August 2, 2007
Ivan’s Childhood (1962) was Andrei Tarkovsky’s first film and it is certainly an impressive debut. The script was based on a novella by Vladimir Bugomolov but when the novice director came on board he reworked it with his friend Andrei Mikhalkov-Konchalovsky. The film was set during World War II and was Tarkovsky’s ticket to international distribution as the Russian government tended to favour these kinds of movies because the Soviet identity was still being defined by the war. However, many war films prior to Ivan’s Childhood tended to be propagandistic in nature. His film was part of a new wave that showed the dehumanizing effect war has on people.
The film begins with a beautifully serene, pastoral setting and a young boy named Ivan (Burlyaev) imagines he can fly above the treetops. He meets his mother for a brief moment before he awakens in a broken down windmill and emerges to a smoky, ruined wasteland with dead bodies scattered in the grass. It is this jarring juxtaposition of the peaceful with the war-torn that immediately grabs one’s attention. We find ourselves wondering, how did he go from that happy, idyllic countryside to his current state: haunted and alone?
Ivan is soon found by Russian soldiers on the bank by a river. He is very weak, wet, dirty, and shaking from being cold, like a drowned rat. He has that dead look in his eyes of someone who has seen too many horrible things too soon in life. Ivan is a scout for the Russian army, reporting on enemy troop movements and numbers, and just narrowly escaped numerous German patrols. The war has aged and hardened him. He lost his entire family to the invading Germans and is consumed by revenge. Ivan’s loss of innocence and having a proper childhood is the real tragedy of this film. He is a stubborn free spirit who prefers to have free reign, much to the chagrin of his military handlers who want to send him to school and away from the war.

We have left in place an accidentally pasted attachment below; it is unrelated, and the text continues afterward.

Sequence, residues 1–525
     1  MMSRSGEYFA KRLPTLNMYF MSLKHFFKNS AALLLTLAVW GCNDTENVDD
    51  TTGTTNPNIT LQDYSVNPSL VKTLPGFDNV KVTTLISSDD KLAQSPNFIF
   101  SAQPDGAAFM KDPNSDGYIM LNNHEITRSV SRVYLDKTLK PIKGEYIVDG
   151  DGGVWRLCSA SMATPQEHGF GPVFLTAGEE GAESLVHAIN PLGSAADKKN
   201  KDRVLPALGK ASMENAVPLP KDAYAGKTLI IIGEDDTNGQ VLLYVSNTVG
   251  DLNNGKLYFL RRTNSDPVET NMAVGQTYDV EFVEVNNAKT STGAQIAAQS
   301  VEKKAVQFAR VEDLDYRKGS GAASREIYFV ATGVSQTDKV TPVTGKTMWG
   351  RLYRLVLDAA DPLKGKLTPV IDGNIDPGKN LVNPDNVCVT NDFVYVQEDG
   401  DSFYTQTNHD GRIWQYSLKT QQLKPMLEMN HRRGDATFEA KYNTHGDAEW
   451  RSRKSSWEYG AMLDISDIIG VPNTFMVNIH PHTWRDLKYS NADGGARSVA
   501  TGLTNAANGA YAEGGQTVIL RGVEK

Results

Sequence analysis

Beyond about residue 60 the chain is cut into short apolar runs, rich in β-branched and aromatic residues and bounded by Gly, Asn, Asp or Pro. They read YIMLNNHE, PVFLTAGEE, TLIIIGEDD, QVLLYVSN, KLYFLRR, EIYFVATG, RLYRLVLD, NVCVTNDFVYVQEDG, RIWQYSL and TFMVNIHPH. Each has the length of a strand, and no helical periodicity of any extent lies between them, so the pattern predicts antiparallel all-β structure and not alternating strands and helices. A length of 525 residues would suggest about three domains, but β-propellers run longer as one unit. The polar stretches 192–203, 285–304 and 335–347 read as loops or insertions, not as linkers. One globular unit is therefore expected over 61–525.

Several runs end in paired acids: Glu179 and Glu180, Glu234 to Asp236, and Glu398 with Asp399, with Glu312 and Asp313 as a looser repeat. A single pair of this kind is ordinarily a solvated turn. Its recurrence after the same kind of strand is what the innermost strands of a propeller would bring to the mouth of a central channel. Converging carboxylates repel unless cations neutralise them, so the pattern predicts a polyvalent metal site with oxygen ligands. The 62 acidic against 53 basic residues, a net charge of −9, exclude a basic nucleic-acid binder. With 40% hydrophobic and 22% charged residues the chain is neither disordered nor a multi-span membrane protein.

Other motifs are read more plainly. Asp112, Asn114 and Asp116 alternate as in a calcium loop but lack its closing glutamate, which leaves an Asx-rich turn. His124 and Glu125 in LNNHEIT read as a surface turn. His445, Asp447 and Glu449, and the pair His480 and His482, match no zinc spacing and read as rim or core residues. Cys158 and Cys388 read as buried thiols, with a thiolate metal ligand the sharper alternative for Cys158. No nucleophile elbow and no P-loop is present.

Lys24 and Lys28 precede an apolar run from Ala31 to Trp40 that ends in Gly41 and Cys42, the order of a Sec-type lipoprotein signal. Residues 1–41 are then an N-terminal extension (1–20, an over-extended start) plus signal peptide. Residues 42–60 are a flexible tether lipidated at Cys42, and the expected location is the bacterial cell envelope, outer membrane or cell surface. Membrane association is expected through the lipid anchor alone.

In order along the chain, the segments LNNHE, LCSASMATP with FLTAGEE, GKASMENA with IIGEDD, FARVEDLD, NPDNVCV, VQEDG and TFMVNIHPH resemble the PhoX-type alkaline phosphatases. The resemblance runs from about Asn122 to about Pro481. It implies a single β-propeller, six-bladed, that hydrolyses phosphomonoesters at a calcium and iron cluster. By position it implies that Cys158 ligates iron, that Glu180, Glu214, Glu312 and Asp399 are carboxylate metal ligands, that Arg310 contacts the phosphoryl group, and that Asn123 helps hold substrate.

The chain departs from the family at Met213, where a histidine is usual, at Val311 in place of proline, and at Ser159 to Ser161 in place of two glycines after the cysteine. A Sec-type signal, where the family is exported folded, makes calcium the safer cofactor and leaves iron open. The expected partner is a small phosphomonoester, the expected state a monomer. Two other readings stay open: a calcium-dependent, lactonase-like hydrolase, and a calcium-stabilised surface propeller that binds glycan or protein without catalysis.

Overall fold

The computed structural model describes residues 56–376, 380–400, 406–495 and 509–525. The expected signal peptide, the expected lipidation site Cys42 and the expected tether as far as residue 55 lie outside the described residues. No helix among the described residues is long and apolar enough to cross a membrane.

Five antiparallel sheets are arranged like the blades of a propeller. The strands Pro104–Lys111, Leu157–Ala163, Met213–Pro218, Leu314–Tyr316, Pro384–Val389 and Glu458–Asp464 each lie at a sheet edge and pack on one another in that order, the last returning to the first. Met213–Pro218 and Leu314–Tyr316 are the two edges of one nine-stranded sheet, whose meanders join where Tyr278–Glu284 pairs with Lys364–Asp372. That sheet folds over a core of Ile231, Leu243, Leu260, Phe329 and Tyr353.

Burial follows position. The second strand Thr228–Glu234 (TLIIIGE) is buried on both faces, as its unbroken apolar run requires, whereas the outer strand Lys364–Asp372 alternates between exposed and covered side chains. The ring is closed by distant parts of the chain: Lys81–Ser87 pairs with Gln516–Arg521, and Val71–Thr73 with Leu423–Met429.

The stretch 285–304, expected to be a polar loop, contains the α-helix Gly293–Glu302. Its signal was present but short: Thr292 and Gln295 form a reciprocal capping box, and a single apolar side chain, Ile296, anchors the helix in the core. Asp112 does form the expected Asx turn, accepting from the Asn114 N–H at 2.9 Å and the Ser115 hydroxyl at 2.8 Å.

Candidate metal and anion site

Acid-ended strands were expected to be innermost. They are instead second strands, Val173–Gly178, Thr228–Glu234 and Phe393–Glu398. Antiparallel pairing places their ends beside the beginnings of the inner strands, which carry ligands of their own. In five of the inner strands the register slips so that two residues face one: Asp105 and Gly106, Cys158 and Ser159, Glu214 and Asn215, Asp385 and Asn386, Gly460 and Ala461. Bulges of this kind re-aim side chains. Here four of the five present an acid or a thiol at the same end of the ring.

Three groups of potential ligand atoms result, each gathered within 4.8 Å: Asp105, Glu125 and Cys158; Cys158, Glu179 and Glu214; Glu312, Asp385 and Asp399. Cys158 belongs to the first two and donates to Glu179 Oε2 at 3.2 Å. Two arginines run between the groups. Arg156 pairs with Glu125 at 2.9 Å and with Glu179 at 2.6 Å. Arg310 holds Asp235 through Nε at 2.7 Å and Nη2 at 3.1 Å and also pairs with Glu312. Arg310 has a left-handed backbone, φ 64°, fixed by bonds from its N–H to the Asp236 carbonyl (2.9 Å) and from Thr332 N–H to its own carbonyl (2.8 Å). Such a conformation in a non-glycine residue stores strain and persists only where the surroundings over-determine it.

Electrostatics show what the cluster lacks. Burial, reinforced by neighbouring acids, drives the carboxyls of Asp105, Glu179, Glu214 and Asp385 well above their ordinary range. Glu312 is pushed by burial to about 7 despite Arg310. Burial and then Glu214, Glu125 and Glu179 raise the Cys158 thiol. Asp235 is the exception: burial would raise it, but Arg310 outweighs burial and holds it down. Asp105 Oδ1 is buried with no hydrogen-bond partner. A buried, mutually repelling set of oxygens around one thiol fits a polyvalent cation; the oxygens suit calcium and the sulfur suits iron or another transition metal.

Tarkovsky imbues the film with a kind of stillness, using long takes with very little movement. He also uses dialogue sparingly, relying more on visual storytelling. There are numerous striking images of the horrors of war. For example, we repeatedly see two men who have been hung by their necks out in the battlefield with a sign that says, “Welcome,” draped across their bodies.
Tarkovsky shows the emotional and physical toll the war has taken on poor Ivan. He’s lost his entire family. What does that do to a child? In Ivan’s case it has made him dead inside. He is no longer afraid of death because he has seen so much of it first hand. All he cares about now is vengeance against the German army. Ivan’s Childhood is a powerful character study about the loss of innocence with a moving performance by Nikolai Burlyaev that provides the film’s emotional core.
talks about the film in relation to the rest of Tarkovsky’s career. She sets the stage, historically speaking, for his emergence as a filmmaker. With the death of Stalin, Russian filmmakers could now make films that no longer glorified war.
There is an excellent “Nikolai Burlyaev Interview,” the actor who played Ivan. He recalls his memories of making Ivan’s Childhood and speaks highly of Tarkovsky who clearly made a big impression on him at such a young age. He also talks about how he prepared for a crucial scene where he had to cry on camera and how the director helped him get ready for it.
“Vadim Yusov Interview.” The film’s cinematographer talks about working on the film and with Tarkovsky. He speaks about how storyboards were created before filming in order to get an idea of what the shots would look like.